In Chicken with Plums, Marjane Satrapi writes about tar musician Nasser Ali, a great-uncle of hers who decides to die after his wife destroys his tar in a heated argument. He tries and tries to find another tar that will be the equal of the one that was destroyed, but even the best of tars will not make the music he imagines. He lies down on his bed and stays there for eight days, upon which he dies. Chicken with Plums follows him through those eight days, through visits and memories and dreams and hallucinations.
The good: Marjane Satrapi charms me. She writes with wry humor that spares no one, and interweaves the story of Nasser Ali with the history of Iran. Despite how much I don’t care for Nasser Ali, the story is still emotionally effective. I love how she used black backgrounds for the flashback sequences, many of which depicted the early relationship of Nasser Ali and his wife. The shading difference provided a great visual reminder of how much their relationship has changed since they were first in love.
The bad (for me): I wanted to slap Nasser Ali. This may have been the intended effect, but it took away from my enjoyment of the book. He had children! And left him! And was unkind to his little son! I do not condone the breaking of his tar, but mercy, I can see how his wife was driven to it. So all the time he was moping in bed and refusing to get up and eat and talk to anyone, I was muttering unkind things about him under my breath. Esp. after the chapter about praying for people not to die. Hmph. Absent parents, v. bad.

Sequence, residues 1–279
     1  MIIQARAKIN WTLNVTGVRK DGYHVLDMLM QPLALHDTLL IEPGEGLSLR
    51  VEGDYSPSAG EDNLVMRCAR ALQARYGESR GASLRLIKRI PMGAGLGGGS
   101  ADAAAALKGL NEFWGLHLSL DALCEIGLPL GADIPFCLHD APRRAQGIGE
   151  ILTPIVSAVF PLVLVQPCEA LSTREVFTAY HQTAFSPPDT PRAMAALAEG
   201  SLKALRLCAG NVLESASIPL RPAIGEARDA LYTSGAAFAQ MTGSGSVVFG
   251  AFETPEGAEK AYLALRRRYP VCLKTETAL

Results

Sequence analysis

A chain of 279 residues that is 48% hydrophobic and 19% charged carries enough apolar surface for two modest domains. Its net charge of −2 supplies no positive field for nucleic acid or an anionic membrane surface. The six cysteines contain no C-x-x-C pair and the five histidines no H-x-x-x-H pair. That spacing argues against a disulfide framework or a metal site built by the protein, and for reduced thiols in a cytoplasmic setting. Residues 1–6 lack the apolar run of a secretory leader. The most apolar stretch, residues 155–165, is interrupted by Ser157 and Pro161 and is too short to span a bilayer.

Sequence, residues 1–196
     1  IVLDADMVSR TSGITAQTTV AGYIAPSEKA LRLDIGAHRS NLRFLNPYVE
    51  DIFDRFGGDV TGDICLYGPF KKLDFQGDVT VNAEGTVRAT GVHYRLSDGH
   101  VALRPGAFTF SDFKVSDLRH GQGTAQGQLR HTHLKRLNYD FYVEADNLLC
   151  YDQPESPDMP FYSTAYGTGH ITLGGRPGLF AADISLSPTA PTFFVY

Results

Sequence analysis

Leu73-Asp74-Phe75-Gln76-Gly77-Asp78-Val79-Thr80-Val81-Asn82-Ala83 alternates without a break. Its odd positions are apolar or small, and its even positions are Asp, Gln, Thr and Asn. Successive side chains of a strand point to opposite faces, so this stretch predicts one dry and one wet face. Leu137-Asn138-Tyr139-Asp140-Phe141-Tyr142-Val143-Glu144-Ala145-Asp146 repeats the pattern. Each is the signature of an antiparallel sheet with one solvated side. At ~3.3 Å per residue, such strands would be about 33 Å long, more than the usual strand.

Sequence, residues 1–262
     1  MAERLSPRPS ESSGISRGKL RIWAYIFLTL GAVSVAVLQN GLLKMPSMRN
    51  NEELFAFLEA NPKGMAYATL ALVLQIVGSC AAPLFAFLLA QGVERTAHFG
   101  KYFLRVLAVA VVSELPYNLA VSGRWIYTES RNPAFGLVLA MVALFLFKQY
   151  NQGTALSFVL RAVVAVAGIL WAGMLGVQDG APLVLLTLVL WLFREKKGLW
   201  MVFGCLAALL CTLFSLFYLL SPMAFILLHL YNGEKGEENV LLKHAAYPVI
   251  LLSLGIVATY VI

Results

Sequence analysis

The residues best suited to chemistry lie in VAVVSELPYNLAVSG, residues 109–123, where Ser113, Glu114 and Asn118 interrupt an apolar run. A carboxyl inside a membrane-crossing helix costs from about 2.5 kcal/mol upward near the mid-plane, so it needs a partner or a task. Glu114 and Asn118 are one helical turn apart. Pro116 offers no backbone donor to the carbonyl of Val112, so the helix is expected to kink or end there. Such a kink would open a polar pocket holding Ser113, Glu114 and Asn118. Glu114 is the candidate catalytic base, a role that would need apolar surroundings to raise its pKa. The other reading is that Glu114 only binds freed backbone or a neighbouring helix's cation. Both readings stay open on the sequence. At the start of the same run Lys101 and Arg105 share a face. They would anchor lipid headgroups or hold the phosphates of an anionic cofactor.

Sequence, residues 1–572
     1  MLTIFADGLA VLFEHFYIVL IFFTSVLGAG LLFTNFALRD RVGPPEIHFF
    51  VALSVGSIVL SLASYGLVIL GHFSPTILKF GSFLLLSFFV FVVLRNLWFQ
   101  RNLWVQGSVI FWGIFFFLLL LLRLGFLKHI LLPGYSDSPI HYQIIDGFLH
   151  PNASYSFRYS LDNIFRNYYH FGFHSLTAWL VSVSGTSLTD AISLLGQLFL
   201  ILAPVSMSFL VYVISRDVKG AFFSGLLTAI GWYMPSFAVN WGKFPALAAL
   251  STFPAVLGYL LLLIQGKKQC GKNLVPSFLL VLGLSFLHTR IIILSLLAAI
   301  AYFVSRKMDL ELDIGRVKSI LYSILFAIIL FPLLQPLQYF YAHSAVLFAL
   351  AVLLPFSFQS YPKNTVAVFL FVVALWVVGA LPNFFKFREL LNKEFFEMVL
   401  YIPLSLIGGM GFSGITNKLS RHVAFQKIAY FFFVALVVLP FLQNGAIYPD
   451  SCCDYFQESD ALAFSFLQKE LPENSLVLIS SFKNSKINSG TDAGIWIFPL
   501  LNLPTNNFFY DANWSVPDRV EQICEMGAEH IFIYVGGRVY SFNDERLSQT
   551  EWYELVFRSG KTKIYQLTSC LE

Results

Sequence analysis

I have heard that you are not supposed to need to identify with the characters in books, but when I read a book with a protagonist that I think is a jerk, I often reach a place where I can’t be bothered reading any more. Especially people who are whiny. That’s why I couldn’t get on with Catcher in the Rye. How do you manage books with unsympathetic protagonists?
Other reviews of Chicken with Plums: A Life in Books, State of Denmark, The Written World, Out of the Blue, and let me know if I missed yours!
Sometimes books can make me feel for people despite their jerkiness, and I like it when that happens. I see your point about Holden, but I was introduced to him when I was a bit of a whiny kid myself, so there’ll always be a place in my heart for him 😛 Anyway, this sounds awfully sad, even if Nasser Ali was being an idiot.
I love that thing that Fitzgerald says in Gatsby, “they were careless people, Tom and Daisy, they smashed things up and then retreated” – something like that, I hope I’m not mangling it too terribly. I think what I find most difficult to forgive in a protagonist is that sort of carelessness of others. So with Nasser Ali, I found it frustrating because he was gone from his family long before he decided to go, and his life and death just seemed so careless, to leave his family behind that way.
…Though whiny is also extremely annoying, and often goes hand in hand with this same brand of self-regarding carelessness.
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